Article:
1024 bit RSA Cracked, new Milestone

Researchers at the University of Michigan have achieved a tech-marvel by moving a step further in cracking RSA. The seemingly secure; public key encryption algorithm was last cracked on 7th January, 2010. The encryption in the last crack was 768 bit but this time, the crack is on a 1024 bit encryption.

What is RSA?

In cryptography, RSA (which stands for Rivest, Shamir and Adleman who first publicly described it) is an algorithm for public-key cryptography[1]. It is the first algorithm known to be suitable for signing as well as encryption, and was one of the first great advances in public key cryptography. RSA is widely used in electronic commerce protocols, and is believed to be secure given sufficiently long keys and the use of up-to-date implementations.

How was the crack achieved?

The RSA crack this time, was achieved by Valeria Bertacco, Todd Austin and Andrea Pellegrini. They varied the voltage levels at the sender end to make faulty encryptions. This helped them recreate the private key by combining a number of fragments, achieved in the process. The complete operation took 100 hours. A quote from the research paper says,

first, we develop a systematic fault-based attack on the modular exponentiation algorithm for RSA. Second, we expose and exploit a severe flaw on the implementation of the RSA signature algorithm on OpenSSL, a widely used package for SSL encryption and authentication. Third, we report on the first physical demonstration of a fault-based security attack of a complete microprocessor system running unmodified production software: we attack the original OpenSSL authentication library running on a SPARC Linux system implemented on FPGA, and extract the system’s 1024-bit RSA private key in approximately 100 hours.

Why is this important?

The RSA encryption was believed to be quite safe and this level of a crack was not achieved, until now. The methods used here are pretty low level and have given results in 100 hours. The crack which was assumed to take a lifetime with bruteforce, has taken a mere four days. This breaks the very backbone of RSA which believes that as long as the private key is safe, it is impossible to break in, unless guessed.

How will it affect me?

RSA is used in most of the secure connections online ranging from e-commerce to login operations. The length of the key determines the level of security. But this crack is independent of the length of the key. Also, the method is crude and easy to implement.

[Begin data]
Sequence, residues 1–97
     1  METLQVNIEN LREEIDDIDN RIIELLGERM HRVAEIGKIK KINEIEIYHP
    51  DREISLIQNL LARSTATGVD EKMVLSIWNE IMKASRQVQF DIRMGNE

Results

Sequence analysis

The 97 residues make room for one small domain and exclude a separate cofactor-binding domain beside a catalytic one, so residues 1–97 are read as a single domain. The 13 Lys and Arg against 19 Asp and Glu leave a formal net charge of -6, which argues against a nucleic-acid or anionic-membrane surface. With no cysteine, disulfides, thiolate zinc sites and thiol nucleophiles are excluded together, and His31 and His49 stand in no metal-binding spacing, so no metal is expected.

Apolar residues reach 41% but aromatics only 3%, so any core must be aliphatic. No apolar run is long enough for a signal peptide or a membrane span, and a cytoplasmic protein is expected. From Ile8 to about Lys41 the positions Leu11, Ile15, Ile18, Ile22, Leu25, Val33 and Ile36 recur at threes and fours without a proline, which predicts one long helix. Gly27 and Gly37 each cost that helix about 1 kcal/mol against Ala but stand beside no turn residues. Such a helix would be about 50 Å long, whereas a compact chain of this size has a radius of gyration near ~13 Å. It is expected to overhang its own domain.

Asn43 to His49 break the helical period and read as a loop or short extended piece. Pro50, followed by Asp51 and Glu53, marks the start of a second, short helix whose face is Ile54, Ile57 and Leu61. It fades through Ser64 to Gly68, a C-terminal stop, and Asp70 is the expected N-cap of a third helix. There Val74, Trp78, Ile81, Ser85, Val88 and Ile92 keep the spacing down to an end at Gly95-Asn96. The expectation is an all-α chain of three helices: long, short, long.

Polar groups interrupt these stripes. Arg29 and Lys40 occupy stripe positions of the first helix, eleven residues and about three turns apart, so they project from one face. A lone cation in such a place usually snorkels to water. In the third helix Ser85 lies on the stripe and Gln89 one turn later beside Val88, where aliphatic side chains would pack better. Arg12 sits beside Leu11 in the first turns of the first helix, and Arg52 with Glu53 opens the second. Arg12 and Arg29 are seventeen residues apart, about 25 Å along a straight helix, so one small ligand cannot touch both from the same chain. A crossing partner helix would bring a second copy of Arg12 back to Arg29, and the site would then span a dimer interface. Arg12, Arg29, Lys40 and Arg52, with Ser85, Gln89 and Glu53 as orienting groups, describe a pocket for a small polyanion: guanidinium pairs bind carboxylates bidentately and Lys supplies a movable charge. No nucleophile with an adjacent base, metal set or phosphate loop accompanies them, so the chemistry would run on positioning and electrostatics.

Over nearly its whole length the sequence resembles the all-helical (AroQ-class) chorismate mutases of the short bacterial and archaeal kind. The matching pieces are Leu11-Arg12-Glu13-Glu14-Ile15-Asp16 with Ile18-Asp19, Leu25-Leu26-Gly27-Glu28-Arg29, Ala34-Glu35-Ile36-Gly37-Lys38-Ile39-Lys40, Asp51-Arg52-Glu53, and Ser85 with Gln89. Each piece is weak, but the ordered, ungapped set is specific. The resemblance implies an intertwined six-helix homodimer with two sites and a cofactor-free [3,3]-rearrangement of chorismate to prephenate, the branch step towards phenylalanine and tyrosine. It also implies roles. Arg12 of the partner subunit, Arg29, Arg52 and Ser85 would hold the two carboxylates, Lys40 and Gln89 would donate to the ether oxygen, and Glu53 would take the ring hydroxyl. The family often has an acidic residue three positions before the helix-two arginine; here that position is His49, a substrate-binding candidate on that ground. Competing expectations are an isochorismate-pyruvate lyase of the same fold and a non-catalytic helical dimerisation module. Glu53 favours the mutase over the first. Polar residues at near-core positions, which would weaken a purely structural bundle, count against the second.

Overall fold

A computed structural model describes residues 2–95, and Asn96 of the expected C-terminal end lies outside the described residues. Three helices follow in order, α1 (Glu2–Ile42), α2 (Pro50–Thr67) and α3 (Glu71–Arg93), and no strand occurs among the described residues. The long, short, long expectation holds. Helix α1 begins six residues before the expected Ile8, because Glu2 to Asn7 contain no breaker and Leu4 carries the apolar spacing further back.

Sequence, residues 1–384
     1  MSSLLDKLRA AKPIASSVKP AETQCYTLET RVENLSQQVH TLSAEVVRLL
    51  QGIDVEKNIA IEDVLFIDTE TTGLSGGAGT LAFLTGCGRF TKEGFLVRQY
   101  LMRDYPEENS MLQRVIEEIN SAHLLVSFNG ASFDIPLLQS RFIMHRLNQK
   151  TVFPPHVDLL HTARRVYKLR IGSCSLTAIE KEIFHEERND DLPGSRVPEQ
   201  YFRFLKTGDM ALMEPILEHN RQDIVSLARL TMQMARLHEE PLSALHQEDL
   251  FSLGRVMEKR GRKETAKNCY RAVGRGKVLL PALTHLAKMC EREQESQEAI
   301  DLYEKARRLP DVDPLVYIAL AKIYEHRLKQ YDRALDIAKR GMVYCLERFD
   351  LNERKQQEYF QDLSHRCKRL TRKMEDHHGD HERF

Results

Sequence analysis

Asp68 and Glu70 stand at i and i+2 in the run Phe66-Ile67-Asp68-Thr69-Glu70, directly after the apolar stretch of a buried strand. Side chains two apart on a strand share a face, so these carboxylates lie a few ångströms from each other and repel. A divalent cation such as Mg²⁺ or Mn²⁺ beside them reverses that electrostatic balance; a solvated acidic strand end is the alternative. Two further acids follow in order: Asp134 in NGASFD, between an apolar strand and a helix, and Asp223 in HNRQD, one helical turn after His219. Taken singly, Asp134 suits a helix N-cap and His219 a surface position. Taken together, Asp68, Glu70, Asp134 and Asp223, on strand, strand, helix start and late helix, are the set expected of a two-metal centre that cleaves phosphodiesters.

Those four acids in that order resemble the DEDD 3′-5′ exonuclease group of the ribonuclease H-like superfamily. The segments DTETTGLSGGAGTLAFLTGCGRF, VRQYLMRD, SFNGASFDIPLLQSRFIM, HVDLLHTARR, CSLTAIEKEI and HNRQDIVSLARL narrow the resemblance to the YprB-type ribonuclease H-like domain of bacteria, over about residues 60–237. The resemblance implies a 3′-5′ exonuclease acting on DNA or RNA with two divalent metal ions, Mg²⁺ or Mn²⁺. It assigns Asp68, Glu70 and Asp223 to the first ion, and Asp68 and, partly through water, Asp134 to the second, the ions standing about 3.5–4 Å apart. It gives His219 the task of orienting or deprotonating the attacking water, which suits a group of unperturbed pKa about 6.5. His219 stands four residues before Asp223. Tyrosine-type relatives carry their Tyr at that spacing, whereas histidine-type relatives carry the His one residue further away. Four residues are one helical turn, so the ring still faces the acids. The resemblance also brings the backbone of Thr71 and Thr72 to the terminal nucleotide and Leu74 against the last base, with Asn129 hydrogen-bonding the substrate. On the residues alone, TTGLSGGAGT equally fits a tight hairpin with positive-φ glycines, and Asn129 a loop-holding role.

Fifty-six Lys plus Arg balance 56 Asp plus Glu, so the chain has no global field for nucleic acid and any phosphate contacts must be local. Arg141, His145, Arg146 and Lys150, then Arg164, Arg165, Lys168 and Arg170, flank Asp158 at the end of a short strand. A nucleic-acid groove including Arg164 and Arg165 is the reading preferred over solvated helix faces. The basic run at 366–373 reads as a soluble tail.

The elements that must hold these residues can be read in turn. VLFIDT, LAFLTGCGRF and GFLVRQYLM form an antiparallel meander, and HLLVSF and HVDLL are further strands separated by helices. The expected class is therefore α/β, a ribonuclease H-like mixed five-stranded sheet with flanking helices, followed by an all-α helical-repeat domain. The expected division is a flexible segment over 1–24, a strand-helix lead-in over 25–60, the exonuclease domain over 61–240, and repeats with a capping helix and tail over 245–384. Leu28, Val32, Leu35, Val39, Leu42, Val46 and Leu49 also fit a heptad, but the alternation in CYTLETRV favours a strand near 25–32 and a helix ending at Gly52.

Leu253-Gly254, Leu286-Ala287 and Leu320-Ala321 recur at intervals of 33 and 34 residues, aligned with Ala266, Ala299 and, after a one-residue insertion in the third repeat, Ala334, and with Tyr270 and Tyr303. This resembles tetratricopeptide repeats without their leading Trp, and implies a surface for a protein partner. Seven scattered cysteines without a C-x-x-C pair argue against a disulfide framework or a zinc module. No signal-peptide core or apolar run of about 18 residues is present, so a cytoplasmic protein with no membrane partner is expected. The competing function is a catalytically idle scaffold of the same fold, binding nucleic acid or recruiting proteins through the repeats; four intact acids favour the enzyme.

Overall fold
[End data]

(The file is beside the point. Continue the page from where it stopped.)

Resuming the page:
As a response to this crack, Some changes in the RSA implementation are imminent. Till then, let’s just hope we are secure.

[Image via:pjlighthouse ]

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Chinmoy Kanjilal

Chinmoy Kanjilal is a FOSS enthusiast and evangelist. He is passionate about Android. Security exploits turn him on and he loves to tinker with computer networks. You can connect with him on Twitter @ckandroid.

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  • Vin McLellan

    Tom St Denis, author of "Cryptography for Developers" and the widely used "TomLib" open source crypto libraries, offered a nice summary of this embroglio on the sci.crypt forum. Said he:

    "It's misleading to think this has anything to do with key size. Of course they wouldn't make the press if they 'merely' broke a 512-bit key with their technique which is largely akin to punching a guy in the gut and stealing their wallet.

    "There have been known various blinding techniques for a while…"

    Interesting work, but overhyped in presentation. There may be some remedial issues for OpenSSL implementation code, but voltage manipulation is not an accessible variable for sysops at most OpenSSL installations.

    This work does not, fortunately, reveal any weakness in RSA public Key crypto. It would be a disservice to readers to suggest it does.


    • Ay, Mister, Mister..

      I agree with you. This is not really a break. It is hardware manipulation to achieve the goal.

      Inteligent, but in practice this not a weakness of the crypto. However, it will be prevented.

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  • Do you think anyone would let a hacker manipulate the voltage of his PC while doing online banking operations? I mean this guy would be sitting somewhere under the table playing with the wires?
    Seriously, if we assume physical access to the machine, it would be easier and faster to freeze the memory using liquid nitrogen and recover the keys from the memory directly.

  • reneemjones

    I keep thinking the date has to be wrong. It must be an article from April 1st. Isn’t it easier to just beat the computer owner with a rubber hose until she divulges the password?